Why retailers may miss out on the benefits of interchange fee caps

The long-awaited interchange fee regulation (IFR), which caps merchants’ interchange fees, came into effect at the end of 2015. Yet despite the huge potential benefits on offer, there is the possibility that acquirers may withhold some of the savings, leaving retailers without their dues. Alistair Combes, Director of Knowledge at CMSpi, discusses what retailers can do to make sure they don’t miss out.

The recent introduction of interchange fee caps on card transactions has been welcomed by retailers, with CMSpi estimating that UK merchants could save up to £650 million per annum as a result.

The caps (0.2% of the transaction value on debit cards, 0.3% on credit cards) should be most beneficial to retailers that receive a high proportion of credit card payments; typically high average transaction value (ATV) sectors, such as hotels and travel agents. Indeed, Visa and MasterCard have had to make reductions in excess of 50% to their interchange fees to comply with the 0.3% cap.

Turning to debit card transactions, Visa (which has over 95% of the UK debit card market) altered its rates in March 2015. It is believed that these rates are compliant with the IFR, meaning that merchants with a low ATV (clothing retailers and convenience stores, for instance) should already be reaping the benefit of the charging reductions.
But are all retailers seeing these cost-savings in reality?

Missed savings
There is concern that payment companies may not pass on these savings in their entirety. Indeed, evidence from countries such as the United States and Australia, where interchange regulation is already established, indicates that acquirers may (deliberately or otherwise) absorb the benefits for themselves. And already we can see that a significant proportion of the savings due to UK retailers when Visa reduced its debit card interchange fees in March 2015 have not been passed on in their entirety.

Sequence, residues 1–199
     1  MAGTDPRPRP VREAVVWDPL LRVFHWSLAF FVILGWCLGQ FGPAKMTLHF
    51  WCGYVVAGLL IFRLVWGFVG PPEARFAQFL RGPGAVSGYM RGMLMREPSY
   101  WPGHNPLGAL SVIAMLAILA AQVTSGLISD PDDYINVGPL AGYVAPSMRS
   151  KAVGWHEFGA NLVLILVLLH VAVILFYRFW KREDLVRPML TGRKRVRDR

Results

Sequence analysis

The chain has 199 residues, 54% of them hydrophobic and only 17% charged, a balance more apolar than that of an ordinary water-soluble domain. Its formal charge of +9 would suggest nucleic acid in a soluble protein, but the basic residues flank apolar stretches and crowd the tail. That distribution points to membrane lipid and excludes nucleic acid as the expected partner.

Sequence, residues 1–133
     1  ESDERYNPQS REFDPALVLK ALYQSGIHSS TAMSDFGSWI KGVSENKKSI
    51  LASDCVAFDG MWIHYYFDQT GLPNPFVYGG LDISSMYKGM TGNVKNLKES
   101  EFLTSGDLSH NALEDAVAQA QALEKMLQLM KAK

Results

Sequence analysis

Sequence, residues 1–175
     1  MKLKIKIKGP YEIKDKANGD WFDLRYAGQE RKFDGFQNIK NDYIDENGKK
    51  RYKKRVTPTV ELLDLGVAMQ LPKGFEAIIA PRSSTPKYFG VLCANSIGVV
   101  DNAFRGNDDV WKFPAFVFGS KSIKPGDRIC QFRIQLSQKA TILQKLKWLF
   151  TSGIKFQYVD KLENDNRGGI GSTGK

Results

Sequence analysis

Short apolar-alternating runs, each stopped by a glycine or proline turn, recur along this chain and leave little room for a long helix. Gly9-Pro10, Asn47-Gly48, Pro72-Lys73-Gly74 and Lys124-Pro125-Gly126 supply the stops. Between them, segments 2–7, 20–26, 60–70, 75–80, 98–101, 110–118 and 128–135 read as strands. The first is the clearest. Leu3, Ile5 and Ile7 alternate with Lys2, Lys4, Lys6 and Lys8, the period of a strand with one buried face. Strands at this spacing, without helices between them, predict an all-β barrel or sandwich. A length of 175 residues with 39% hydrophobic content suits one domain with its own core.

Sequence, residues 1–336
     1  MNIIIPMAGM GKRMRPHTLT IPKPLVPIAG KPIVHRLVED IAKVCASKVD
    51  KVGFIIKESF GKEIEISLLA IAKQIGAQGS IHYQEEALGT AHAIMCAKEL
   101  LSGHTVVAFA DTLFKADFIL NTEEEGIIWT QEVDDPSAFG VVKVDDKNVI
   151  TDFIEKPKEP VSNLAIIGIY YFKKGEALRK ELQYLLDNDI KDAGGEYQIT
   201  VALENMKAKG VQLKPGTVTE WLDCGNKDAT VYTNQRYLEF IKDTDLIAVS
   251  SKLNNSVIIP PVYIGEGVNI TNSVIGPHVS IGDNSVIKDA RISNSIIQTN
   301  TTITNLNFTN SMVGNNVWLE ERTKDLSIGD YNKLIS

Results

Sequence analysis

Retailers that are charged by their acquirers through a “blended” pricing structure – often small-and-medium-sized merchants – are at the greatest risk. This type of charging structure combines all the components of a card transaction fee (such as the scheme fee, the processing fee and, of course, the interchange fee) into one charge, and this subsequent lack of transparency makes it difficult to identify whether interchange savings are being applied in full.
While provisions to help improve the clarity of charging structures are set to be implemented in 2016, scope for payments companies to withhold some of the potential savings remains. Indeed, there are already obscure charges and hidden margins imposed by acquirers and this practice could increase as a result of the interchange fee caps.

Clarity is key
To ensure the full extent of the benefits of the IFR are received, retailers need to have a clear understanding of their own costs. Those on a blended pricing structure should be particularly wary.

Retailers should therefore seek advice and consider adopting an alternative, more transparent pricing structure to gain clarity and better position themselves to receive the IFR generated savings in full.

Furthermore, those that did not receive a reduced card acquiring bill when the Visa debit card changes were introduced may be entitled to a rebate from their acquirer. With this uncertainty surrounding fees and savings in mind, we are holding a series of free workshops to help merchants to advance their knowledge about reducing payments costs. The next session is specific to online payments.

Any retailer in doubt about their fees should act now to ensure the true extent of the savings created by the IFR make it to their pockets.

CMSpi is an independent team of consultants and analysts with over 20 years’ experience advising merchants on how to optimise and reduce their payments costs. The consultancy works across all areas of consumer payments with the objective of securing the best end-to-end solution for its clients.

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